A protest erupted last Saturday over CEO Sergio Marchionne's proposal to limit strikes and increase shifts at Fiat S.p.A.’s Pomigliano d'Arco car factory. The protest in Rome was led by Fiat S.p.A.'s largest union. The Pomigliano plan is being used by Fiat to serve as a test case to gain labor concessions that may become a watershed for Italian companies.
A speech from Maurizio Landini, head of the FIOM Union, had called for a general strike. He said that companies have social responsibility and that “cutting salaries and rights” isn’t the right approach to be competitive. Marchionne is aiming to increase productivity at Fiat's domestic plants, which lags behind its foreign factories.
And to accomplish this, Marchionne has proposed to move production of its Panda model from Poland to its Pomigliano factory, which is located near Naples in southern Italy.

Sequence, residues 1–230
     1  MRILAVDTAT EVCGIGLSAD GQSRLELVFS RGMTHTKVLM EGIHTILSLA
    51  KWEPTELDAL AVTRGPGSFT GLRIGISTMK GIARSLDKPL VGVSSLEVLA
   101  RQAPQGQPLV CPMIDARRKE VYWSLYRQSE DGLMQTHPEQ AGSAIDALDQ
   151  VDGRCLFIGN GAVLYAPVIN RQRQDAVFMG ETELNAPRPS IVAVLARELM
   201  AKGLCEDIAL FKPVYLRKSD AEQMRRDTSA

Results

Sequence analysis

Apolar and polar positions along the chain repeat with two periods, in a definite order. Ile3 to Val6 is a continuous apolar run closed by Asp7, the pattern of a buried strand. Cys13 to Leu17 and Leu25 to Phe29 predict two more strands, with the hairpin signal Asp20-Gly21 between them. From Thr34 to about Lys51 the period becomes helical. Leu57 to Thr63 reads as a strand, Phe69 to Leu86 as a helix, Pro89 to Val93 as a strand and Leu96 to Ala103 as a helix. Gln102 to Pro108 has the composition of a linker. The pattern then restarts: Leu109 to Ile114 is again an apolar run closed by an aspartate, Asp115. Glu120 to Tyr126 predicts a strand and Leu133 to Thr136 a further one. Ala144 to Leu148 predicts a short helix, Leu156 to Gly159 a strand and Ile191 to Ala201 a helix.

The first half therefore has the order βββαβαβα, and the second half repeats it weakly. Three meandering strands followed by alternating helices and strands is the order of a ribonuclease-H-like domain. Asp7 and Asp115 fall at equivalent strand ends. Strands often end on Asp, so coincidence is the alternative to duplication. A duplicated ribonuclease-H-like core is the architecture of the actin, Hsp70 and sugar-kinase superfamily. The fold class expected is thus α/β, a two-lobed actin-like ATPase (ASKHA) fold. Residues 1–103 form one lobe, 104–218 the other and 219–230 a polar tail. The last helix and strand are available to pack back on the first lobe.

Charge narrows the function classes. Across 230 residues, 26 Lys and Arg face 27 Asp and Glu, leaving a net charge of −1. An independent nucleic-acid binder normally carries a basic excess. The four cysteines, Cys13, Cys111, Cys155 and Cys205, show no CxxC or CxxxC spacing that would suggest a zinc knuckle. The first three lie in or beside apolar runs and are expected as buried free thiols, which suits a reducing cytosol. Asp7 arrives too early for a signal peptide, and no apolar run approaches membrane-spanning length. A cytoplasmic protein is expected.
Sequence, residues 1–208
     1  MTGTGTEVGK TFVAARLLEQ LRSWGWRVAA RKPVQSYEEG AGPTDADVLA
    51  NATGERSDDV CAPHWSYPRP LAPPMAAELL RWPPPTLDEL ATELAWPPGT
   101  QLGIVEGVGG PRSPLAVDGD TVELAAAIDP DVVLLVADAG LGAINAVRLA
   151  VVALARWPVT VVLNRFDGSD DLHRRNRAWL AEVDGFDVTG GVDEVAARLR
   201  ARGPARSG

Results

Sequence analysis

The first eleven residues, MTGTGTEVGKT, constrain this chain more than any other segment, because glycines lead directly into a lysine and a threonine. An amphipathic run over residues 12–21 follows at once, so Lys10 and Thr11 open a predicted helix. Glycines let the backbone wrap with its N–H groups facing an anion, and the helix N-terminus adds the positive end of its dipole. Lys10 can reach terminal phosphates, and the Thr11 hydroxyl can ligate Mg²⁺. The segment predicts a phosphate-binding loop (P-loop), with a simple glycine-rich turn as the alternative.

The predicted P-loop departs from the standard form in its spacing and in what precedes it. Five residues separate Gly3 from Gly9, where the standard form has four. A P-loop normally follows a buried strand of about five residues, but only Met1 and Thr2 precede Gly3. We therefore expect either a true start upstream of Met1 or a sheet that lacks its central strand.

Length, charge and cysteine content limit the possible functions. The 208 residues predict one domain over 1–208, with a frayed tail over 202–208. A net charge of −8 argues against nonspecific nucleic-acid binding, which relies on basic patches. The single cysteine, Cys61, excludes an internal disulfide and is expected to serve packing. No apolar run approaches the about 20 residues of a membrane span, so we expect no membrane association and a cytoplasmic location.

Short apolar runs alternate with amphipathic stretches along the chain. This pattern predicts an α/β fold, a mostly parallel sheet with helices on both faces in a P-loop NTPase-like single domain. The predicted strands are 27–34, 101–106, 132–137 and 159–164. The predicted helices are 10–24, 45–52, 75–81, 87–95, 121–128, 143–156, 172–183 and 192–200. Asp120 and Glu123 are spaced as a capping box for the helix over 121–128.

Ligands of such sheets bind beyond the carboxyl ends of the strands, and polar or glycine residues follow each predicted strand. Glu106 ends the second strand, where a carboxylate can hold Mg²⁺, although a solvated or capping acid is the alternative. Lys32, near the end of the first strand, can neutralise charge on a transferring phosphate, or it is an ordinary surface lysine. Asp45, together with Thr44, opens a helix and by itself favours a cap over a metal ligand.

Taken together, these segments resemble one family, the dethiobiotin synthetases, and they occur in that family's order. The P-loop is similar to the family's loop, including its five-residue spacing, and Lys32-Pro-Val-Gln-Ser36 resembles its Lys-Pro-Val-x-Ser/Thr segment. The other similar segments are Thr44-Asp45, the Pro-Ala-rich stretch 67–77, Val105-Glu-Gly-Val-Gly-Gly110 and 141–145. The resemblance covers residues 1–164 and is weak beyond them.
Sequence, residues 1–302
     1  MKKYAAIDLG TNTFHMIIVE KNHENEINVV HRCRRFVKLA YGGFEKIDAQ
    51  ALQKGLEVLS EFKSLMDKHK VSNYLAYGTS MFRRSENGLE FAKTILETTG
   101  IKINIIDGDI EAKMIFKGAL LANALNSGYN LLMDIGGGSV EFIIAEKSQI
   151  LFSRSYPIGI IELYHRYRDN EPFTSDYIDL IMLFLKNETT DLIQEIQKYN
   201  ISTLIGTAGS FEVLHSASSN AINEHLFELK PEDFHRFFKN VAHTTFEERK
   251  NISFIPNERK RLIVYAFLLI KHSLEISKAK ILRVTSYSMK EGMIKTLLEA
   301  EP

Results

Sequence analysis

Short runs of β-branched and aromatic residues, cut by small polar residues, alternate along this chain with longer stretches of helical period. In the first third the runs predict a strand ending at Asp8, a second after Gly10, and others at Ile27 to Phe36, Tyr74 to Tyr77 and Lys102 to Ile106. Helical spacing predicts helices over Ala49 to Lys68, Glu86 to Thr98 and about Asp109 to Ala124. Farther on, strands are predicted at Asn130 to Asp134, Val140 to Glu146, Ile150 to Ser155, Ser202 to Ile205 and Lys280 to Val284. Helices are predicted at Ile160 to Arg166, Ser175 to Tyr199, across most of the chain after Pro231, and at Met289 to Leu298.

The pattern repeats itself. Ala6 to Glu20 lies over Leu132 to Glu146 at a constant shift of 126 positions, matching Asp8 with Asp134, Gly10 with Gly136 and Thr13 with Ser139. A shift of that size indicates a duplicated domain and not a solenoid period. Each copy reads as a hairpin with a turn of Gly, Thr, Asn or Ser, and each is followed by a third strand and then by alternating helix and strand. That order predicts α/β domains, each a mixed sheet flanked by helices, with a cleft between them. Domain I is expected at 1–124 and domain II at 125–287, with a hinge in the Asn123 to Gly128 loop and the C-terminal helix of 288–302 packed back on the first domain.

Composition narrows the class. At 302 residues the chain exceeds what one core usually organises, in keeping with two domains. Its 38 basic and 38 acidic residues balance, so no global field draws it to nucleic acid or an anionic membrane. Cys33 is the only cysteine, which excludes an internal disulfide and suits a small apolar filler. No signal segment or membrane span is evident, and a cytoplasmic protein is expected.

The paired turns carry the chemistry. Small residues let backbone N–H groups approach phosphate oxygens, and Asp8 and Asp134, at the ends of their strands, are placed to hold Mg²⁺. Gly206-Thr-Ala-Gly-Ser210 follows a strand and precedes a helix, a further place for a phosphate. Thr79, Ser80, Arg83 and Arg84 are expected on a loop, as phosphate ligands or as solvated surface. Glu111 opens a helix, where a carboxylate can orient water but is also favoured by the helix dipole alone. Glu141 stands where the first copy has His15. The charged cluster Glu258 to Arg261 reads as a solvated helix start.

Fiat intends to invest 20 billion euros ($28 billion) through 2014 in Italy to develop vehicles and improve its plants. But one of its conditions is for the unions to agree to reduce strikes and add shifts.
Last June, a majority of the workers at the Pomigliano plant approved the deal while more than a third of them voted against it, explaining that what Marchionne is suggesting violates their constitutional right to strike.
According to Marchionne, Fiat will only move forward with the investment plan, dubbed “Fabbrica Italia,” or “Italian factory,” if unions ink a deal to boost productivity in a new labor contract.
Landini said that the union had submitted counterproposals and is waiting for the company to respond. The Pomigliano factory has had incidents of labor unrest in the past and it currently is the least productive among all five of Fiat's Italian plants, especially when you consider the slow demand for the Alfa Romeo models which are built there. In 2009, Pomigliano produced 35,000 units of the Alfa Romeo 147, 159 and GT coupe models. [via autonews - sub. required]